In the last year alone, terrorists have attacked police stations, and banks, and commuter trains, and synagogues — and a school filled with children. This month in Beslan we saw, once again, how the terrorists measure their success — in the death of the innocent, and in the pain of grieving families. Svetlana Dzebisov was held hostage, along with her son and her nephew — her nephew did not survive. She recently visited the cemetery, and saw what she called the “little graves.” She said, “I understand that there is evil in the world. But what have these little creatures done?”
Members of the United Nations, the Russian children did nothing to deserve such awful suffering, and fright, and death. The people of Madrid and Jerusalem and Istanbul and Baghdad have done nothing to deserve sudden and random murder. These acts violate the standards of justice in all cultures, and the principles of all religions. All civilized nations are in this struggle together, and all must fight the murderers.
We’re determined to destroy terror networks wherever they operate, and the United States is grateful to every nation that is helping to seize terrorist assets, track down their operatives, and disrupt their plans. We’re determined to end the state sponsorship of terror — and my nation is grateful to all that participated in the liberation of Afghanistan. We’re determined to prevent proliferation, and to enforce the demands of the world — and my nation is grateful to the soldiers of many nations who have helped to deliver the Iraqi people from an outlaw dictator.
The dictator agreed in 1991, as a condition of a cease-fire, to fully comply with all Security Council resolutions — then ignored more than a decade of those resolutions. Finally, the Security Council promised serious consequences for his defiance. And the commitments we make must have meaning. When we say “serious consequences,” for the sake of peace, there must be serious consequences. And so a coalition of nations enforced the just demands of the world.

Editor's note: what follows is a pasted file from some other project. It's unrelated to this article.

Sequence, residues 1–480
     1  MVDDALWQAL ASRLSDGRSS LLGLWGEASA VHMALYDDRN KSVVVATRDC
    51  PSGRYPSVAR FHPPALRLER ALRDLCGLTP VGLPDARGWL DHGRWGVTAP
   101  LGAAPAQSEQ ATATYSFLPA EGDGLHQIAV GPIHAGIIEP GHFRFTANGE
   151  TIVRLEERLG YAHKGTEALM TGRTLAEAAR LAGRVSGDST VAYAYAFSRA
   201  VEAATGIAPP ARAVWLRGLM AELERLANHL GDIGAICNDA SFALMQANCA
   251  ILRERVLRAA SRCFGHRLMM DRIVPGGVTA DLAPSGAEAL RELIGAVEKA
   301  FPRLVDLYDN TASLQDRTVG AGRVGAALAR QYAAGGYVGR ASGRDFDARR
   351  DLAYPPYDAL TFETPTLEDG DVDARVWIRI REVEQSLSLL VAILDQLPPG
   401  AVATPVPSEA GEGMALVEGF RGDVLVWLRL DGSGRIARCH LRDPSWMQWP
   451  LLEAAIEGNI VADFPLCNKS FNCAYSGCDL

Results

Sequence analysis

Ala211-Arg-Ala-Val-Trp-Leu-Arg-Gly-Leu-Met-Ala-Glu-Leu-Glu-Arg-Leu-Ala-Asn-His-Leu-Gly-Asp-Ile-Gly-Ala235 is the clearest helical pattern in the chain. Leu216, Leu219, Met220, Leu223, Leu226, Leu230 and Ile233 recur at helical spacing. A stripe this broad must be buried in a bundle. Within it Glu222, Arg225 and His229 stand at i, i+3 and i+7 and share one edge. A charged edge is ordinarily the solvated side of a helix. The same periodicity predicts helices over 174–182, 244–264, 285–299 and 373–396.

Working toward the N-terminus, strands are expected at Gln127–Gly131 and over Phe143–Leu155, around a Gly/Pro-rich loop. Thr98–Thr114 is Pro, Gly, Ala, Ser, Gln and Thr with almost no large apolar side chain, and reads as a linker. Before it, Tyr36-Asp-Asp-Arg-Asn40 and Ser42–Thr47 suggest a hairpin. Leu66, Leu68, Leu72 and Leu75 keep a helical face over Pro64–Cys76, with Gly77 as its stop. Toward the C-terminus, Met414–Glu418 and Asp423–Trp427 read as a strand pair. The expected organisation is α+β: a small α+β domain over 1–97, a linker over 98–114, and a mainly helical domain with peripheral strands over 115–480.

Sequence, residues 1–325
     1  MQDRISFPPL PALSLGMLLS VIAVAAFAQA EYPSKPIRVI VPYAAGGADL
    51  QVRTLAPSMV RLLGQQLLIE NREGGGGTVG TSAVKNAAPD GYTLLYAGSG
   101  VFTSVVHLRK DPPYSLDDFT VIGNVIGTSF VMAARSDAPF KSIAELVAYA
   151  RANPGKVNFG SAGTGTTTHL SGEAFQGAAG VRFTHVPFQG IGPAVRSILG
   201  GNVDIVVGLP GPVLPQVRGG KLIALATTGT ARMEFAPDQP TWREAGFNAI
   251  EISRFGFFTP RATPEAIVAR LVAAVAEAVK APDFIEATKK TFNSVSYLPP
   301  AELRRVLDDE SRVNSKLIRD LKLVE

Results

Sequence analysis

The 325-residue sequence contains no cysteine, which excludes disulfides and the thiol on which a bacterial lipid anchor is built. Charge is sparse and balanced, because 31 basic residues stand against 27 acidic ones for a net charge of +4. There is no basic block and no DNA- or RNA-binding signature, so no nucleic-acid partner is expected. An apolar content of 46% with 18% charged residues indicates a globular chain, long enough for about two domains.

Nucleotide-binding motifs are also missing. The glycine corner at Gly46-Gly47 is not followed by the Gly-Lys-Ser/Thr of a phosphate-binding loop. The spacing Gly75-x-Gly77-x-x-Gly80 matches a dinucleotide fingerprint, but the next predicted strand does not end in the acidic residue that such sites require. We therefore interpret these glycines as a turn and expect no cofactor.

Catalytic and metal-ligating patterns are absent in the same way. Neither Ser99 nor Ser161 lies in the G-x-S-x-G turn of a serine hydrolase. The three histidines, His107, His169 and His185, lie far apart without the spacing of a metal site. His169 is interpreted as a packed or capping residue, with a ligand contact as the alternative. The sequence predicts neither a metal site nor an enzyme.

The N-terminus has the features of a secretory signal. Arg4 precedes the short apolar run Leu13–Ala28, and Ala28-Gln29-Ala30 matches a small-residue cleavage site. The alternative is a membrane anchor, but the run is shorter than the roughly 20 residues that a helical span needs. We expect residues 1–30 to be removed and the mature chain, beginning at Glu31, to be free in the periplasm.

Defending our ideals is vital, but it is not enough. Our broader mission as U.N. members is to apply these ideals to the great issues of our time. Our wider goal is to promote hope and progress as the alternatives to hatred and violence. Our great purpose is to build a better world beyond the war on terror.
Because we believe in human dignity, America and many nations have established a global fund to fight AIDS, tuberculosis, and malaria. In three years the contributing countries have funded projects in more than 90 countries, and pledged a total of $5.6 billion to these efforts. America has undertaken a $15 billion effort to provide prevention and treatment and humane care in nations afflicted by AIDS, placing a special focus on 15 countries where the need is most urgent. AIDS is the greatest health crisis of our time, and our unprecedented commitment will bring new hope to those who have walked too long in the shadow of death.
Because we believe in human dignity, America and many nations have joined together to confront the evil of trafficking in human beings. We’re supporting organizations that rescue the victims, passing stronger anti-trafficking laws, and warning travelers that they will be held to account for supporting this modern form of slavery. Women and children should never be exploited for pleasure or greed, anywhere on Earth.
Because we believe in human dignity, we should take seriously the protection of life from exploitation under any pretext. In this session, the U.N. will consider a resolution sponsored by Costa Rica calling for a comprehensive ban on human cloning. I support that resolution and urge all governments to affirm a basic ethical principle: No human life should ever be produced or destroyed for the benefit of another.
Because we believe in human dignity, America and many nations have changed the way we fight poverty, curb corruption, and provide aid. In 2002 we created the Monterrey Consensus, a bold approach that links new aid from developed nations to real reform in developing ones. And through the Millennium Challenge Account, my nation is increasing our aid to developing nations that expand economic freedom and invest in the education and health of their own people.
Because we believe in human dignity, America and many nations have acted to lift the crushing burden of debt that limits the growth of developing economies, and holds millions of people in poverty. Since these efforts began in 1996, poor countries with the heaviest debt burdens have received more than $30 billion of relief. And to prevent the build-up of future debt, my country and other nations have agreed that international financial institutions should increasingly provide new aid in the form of grants, rather than loans.